RA: How is this reflected in the work of AHRQ's health IT portfolio?

JW: We've always focused on safety as a component of quality. We've funded a lot of projects over the years in the inpatient and outpatient setting, both demonstrating how health IT can improve safety and how health IT may facilitate unintended consequences or medical errors, as well as constructive ways to address good implementation and good use. For example, in the past AHRQ funded a CPOE evaluation tool, which the Leapfrog Group now uses in its annual survey. Leapfrog used to ask, "Do you have CPOE?" as part of the survey. Now systems that have CPOE are assessed on whether or not they are as effective as they are supposed to be—did the CPOE system catch the mistakes it was supposed to catch.

RA: Health IT, when designed and properly implemented, can markedly improve the quality and safety of care. Have health IT tools like CPOE, clinical decision support systems, and e-prescribing become better over time and how do they still need to improve to fulfill their promise to improve care safety and quality?Photograph of a stethoscope lying on top of a computer tablet

JW: They've absolutely improved over time. Anyone who's gone from Windows 3.1 to Windows 7 knows that our computing power capabilities and the sophistication of computing tools have increased, and health IT has similarly improved. You no longer have to have a high degree of comfort with computer systems or even a high degree of training in some cases to use them well. Witness the explosive growth of the iPad®. That doesn't mean that we are dumbing down medicine in any way. It's just as complex, but we have better information tools available. We also have a better understanding of different capabilities within the health care system. There have been some providers who have always been early adopters. They like technology and like to use technology tools in the delivery of their care. Then there are providers who have been waiting to use them but aren't going to actively seek them out. Finally, there are people who stubbornly refuse to use them. In our world, the early adopters are using health IT. The middle group is being pulled there by meaningful use incentives provided by the Federal government as well as increased appreciation and understanding within the clinical community of the value of these tools. They're starting to feel they are not delivering care as well as they could without the tools, which is good. That's where we've wanted to be for a while. There may sometimes be some very good reasons why some don't want to make a change to use these tools, so it isn't always stubbornness.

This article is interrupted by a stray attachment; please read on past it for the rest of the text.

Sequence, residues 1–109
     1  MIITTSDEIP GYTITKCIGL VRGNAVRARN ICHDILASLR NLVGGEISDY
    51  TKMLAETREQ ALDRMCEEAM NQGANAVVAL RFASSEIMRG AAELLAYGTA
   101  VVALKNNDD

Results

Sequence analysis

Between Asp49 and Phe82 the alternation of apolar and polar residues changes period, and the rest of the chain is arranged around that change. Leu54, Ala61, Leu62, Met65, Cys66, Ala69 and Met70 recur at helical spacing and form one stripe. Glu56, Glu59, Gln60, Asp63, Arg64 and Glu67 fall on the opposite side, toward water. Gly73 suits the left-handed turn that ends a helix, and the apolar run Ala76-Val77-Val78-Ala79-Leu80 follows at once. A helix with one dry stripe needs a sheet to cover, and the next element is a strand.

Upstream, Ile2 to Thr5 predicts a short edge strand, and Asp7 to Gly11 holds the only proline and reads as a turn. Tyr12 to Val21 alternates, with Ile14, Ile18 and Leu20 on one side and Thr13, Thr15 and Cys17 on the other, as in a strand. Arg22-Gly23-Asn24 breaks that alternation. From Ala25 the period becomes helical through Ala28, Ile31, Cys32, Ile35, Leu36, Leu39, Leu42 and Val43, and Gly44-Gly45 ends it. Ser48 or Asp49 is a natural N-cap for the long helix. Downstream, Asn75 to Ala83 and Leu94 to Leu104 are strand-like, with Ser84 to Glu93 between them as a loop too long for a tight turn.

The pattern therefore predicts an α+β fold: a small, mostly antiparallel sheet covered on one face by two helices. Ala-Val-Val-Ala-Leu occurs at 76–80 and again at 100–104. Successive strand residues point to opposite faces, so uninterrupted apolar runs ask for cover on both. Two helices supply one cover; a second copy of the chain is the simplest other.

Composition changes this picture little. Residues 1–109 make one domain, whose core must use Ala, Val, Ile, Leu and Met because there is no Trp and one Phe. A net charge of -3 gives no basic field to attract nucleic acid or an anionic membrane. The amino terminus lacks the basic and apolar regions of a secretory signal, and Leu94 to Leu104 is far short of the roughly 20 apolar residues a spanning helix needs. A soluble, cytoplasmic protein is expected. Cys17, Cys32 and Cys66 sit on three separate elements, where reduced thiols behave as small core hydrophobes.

RA: Is cost or lack of resources a barrier for some providers?

JW: Cost is becoming less of a barrier as time goes by. It's not necessarily the up-front cost of the system per se. There are expensive systems, but there are very inexpensive systems. You can actually buy an electronic medical record system at Costco. So there are lots of different ways to get access to the software, and some are even free. The business model for some companies is not to charge you up front, but to charge you a certain percentage of your billings. So there are different ways to afford the information systems. The real cost to practices is the time it takes to train people to use the system, and an initial decreased productivity for those practices that are fee-for-service and driven by volume. Practices are slower when they start using this system as would happen with any new system or tool. Meaningful use incentives have helped provide people with the resources to get over that initial "entropy hump." The majority of clinicians then say, "I'd never go back to paper. It's so clear to me that having the information I need where and when I need it is so useful, I can't imagine practicing without it."

RA: Would you say that health IT underlies patient-centered care?